“Decisions Determine Destiny”, said Thomas Monson, American author and religions leader, considered as prophet by many, who passed away at the start of this year. Aptly and emphatically enough, it summarizes the significance of decision-making in any sphere of activity. Decision-making is dear to some, dreadful to others. While the former enjoy it as a power symbol, the latter shun it as a responsibility difficult to shoulder. Yet, decisions are unarguably the most ‘decisive’ directors in any undertaking anyone could only dream in vain of escaping from.
Decisions are almost always about solving a problem or overcoming a challenge in accomplishing a goal. Decisions in Business are mostly directed towards increasing – and accordingly have a direct impact mainly on – brand value, profitability and growth. I say ‘mostly’ because there could be decisions of divestment too. But even in those, the core strategic objective is to increase brand value, maximize shareholder dividends and regain the eroding efficiency and focus.
In an increasingly complex and highly integrated globalized supply chain environment, decisions at every stage have a defining influence on the entire process of managing the supply chain. And they are closed loop. For instance, a consumer retail company analyzes consumer behavior along with associated attributes viz. regional influence, age group, literacy levels, etc. and plans inventory levels accordingly, which in turn could guide its procurement, production and distribution plans. At the same time, it could determine its marketing and advertising budget to influence consumer behavior and increase sales. Thus, consumer behavior would be both an input for and an output of demand planning and management, simultaneously feeding and measuring the efficiency of decision-making.
Decisions are multivariate functions relying on a legion of factors, which could act as their deterrents as well as determinants. Some of the predominant factors guiding and governing decisions are cognitive biases, perceptions, roles and positions, conflicts, timeliness, holistic view, consequences, fears, information, analysis and most importantly, outcomes. While cognitive abilities of a decision-maker could determine the speed, quality and accuracy of his or her decision-making, the conditioning and perceptions of the decision-maker may create biases that could act as deterrents in making effective decisions. Similarly, roles and positions could either accelerate decisions or create conflicts and competition delaying or degrading them.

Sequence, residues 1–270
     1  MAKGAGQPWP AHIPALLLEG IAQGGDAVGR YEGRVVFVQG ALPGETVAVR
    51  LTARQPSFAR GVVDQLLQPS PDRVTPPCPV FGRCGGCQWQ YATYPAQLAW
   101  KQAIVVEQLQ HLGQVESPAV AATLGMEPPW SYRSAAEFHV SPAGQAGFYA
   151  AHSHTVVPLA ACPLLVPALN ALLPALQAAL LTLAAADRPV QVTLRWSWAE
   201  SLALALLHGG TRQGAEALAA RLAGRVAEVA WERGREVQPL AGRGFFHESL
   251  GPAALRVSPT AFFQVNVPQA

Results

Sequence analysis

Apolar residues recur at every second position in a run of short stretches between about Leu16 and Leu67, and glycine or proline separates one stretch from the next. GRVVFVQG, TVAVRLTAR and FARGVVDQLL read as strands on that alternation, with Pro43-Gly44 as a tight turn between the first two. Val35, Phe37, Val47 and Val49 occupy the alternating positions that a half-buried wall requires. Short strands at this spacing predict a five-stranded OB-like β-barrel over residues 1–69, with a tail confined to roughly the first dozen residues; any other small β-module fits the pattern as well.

Heuristics, a science of rules and techniques to solve problems, is a widely accepted framework which helps making decisions swiftly and efficiently. The adoption and effectiveness of heuristics for decision-making depend on these deterrents and determinants. In today’s ICT (Information and Communication Technology) age, heuristics work through data and optimization algorithms to analyze and process those data into information that can enable and support decision-making. These are, in concept, the decision support systems (DSS). They provide a common platform for multiple user roles across functions to view data and their analyzed output through their respective functional perspectives. This helps cut through decision deterrents of cognitive biases and roles, as the sanctity of data as single source of truth is retained. DSS are designed for ease of use and could be customized as well as enhanced by sector, size, scope, function and process to keep pace with business dynamics. Intelligent DSS combine the benefits of Big Data Analytics, Cloud Computing, Internet of Things (IoT) and Artificial Intelligence, the major pillars of ICT, to help make informed, accurate and timely decisions. The big challenge organizations face, however, is ironically about the ‘decision’ to evaluate and select a DSS! From the host of options available, they need to decide and select a DSS; one that is most relevant, suitable, affordable and sustainable to their business.
This is where Knowledge Experts come in. Professionals who have worked through designing and implementing DSS are best positioned to guide organizations in not only making these important decisions, but also overseeing their successful implementation. Numerous surveys and statistics clearly indicate that ICT is the most disruptive and important technology driving decisions in business and supply chain management. While the decision to select and adopt a DSS could be very challenging, the competitive advantage of strategic contextual intelligence, visibility, increased supply chain integration and efficiency it provides, is too valuable to allow any deterrence.
Collaborating with experienced Knowledge Experts has consistently proved to be a strong determinant of accurate and timely decision-making for organizations destined for success and growth. It is just a decision away.